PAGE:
17th Century Adamites, a Christian sect that worshipped in the nude, being arrested in Amsterdam.
Source: Wikimedia Commons, Wellcome Trust
As noted in my last blog, along with my non-fiction books, I write mystery novels (Poisoned Justice and Murder on the Fly from Pen-L publishing). My anti-hero is a San Francisco cop-turned-exterminator who pursues both six- and two-legged pests. Riley is a first generation American, his parents being Irish immigrants. And he’s trying to reconcile Old World values with the fast-changing culture of the 1970s.
In my upcoming book, Lethal Fetish, I explore “the infested mind” in the course Riley’s investigating a series of bizarre murders. In the following excerpt, he’s asking a psychologist to help him make sense of what seems to be unambiguous deviancy. But after she’s explained crush fetishism (in which men derive sexual gratification from watching women smash various creatures underfoot; see my last blog posting, “When Insects Crawl Into Our Fantasies”), the psychologist challenges Riley’s judgments which, I suspect, are similar to those many of us would make:
“You must understand,” Dr. Chen explained, “that what constitutes normal behavior is a cultural construct. In New Guinea, there is a tribe where it is typical for children to engage in sex by the age of ten. Mature women in a South Pacific society have sex with adolescent boys to teach them how to please future partners. Bachelors in a Columbian village copulate with donkeys to avoid the Catholic proscription against premarital sex. And the ancient Greeks found nothing wrong with men having sex with boys. The list goes on.”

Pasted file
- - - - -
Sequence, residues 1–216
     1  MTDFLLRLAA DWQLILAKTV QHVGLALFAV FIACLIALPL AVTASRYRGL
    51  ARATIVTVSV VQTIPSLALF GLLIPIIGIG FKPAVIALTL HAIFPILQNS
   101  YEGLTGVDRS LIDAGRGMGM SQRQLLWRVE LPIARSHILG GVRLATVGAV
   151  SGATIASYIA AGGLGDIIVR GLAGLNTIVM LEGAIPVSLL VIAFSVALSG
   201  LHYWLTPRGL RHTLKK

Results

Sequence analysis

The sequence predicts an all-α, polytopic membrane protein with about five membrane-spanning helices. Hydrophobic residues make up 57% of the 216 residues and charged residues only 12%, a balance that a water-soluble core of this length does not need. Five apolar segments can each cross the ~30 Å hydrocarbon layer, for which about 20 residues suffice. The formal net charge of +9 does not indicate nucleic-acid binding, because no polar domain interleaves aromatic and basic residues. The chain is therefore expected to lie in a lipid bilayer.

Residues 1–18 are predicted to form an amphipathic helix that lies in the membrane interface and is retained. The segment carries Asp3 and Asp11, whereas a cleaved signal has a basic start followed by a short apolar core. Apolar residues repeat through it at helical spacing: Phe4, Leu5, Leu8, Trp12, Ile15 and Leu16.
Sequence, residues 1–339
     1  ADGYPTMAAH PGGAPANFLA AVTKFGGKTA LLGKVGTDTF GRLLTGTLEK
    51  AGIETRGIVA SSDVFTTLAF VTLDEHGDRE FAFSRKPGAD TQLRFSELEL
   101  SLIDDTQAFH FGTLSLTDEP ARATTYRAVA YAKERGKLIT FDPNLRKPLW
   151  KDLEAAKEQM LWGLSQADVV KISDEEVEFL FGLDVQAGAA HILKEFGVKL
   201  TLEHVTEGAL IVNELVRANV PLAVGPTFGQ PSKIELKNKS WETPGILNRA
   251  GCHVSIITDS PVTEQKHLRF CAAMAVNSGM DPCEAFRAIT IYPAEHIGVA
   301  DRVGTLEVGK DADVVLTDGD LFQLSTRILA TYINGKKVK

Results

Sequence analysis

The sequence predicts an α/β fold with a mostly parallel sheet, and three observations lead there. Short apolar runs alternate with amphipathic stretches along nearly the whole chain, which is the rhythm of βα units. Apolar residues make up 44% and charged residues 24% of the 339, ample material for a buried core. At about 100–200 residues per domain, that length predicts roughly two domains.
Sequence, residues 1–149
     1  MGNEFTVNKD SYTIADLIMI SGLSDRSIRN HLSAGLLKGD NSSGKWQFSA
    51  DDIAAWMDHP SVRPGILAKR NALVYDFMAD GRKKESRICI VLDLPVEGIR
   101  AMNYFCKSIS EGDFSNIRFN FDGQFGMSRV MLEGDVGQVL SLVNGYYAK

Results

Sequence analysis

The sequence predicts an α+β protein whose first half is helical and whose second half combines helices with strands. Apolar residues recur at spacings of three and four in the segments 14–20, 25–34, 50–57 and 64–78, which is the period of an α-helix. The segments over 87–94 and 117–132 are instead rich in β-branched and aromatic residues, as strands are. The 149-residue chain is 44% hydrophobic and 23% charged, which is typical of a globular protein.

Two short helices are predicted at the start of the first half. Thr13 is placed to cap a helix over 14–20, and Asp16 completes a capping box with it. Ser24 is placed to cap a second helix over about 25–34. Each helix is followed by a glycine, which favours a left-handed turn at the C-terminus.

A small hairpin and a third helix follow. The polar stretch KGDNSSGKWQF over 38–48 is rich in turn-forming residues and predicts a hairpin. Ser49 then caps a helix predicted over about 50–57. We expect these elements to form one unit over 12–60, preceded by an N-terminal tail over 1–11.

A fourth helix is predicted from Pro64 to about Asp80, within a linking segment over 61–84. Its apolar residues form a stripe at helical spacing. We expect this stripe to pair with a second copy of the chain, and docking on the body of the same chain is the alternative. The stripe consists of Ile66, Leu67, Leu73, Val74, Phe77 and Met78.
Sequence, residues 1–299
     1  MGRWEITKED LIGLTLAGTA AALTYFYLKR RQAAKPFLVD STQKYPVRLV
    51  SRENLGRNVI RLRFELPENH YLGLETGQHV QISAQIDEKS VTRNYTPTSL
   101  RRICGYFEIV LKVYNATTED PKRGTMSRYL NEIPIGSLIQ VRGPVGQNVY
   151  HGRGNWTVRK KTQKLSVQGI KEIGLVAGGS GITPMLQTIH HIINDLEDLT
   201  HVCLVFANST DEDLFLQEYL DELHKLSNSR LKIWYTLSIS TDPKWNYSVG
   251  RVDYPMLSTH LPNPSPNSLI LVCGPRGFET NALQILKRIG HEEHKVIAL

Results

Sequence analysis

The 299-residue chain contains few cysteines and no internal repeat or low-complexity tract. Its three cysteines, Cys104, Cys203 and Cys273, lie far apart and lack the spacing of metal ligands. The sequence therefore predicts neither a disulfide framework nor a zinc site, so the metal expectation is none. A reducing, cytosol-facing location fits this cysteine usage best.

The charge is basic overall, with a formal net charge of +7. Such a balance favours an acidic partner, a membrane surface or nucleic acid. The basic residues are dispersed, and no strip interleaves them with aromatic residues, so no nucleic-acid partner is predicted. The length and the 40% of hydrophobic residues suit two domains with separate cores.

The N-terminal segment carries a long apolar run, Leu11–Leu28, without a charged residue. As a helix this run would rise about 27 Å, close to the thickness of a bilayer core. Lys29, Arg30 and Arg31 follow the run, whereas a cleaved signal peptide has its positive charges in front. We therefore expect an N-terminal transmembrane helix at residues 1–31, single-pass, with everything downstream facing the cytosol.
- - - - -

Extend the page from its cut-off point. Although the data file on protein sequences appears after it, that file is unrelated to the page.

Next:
“So sex is like food, just a matter of taste?” She cocked an eyebrow and gestured for me to continue. “Most people find blood sausage from my homeland repugnant, and haggis from our Scottish neighbors doesn’t appear on many menus in San Francisco.” Sheep organs boiled in a sheep’s stomach were on par the famed thousand year-old eggs, once a person caught a whiff of sulfurous ammonia emanating from the greenish-black lumps.
“I see your point. The last time I was at the Donghuamen Night Market in Beijing, shoppers could purchase chicken testicles and sheep penis. Or to tap into your line of business, one could also snack on fried scorpions, centipedes, spiders, cicadas, and crickets.”
“And so we complete the circle, eh? Crushing crickets under high heels or between molars is just another source of pleasure.” I rubbed my neck and tried to put together my thoughts, as the good doctor waited patiently. “Look, I can accept that whatever people want to eat is their business, but I can’t buy that ‘anything goes’ with sex. Gays and lesbians? More power to them. Nobody’s getting hurt and somebody’s getting satisfied.” I was thinking of how happy Carol and Ana were together. “But there has to be a line.”
In my next blog, we’ll see where Riley tries to draw the line—and why doing so is not nearly as simple as he might hope. It turns out that not every greasy cockroach or every dark thought needs to be exterminated.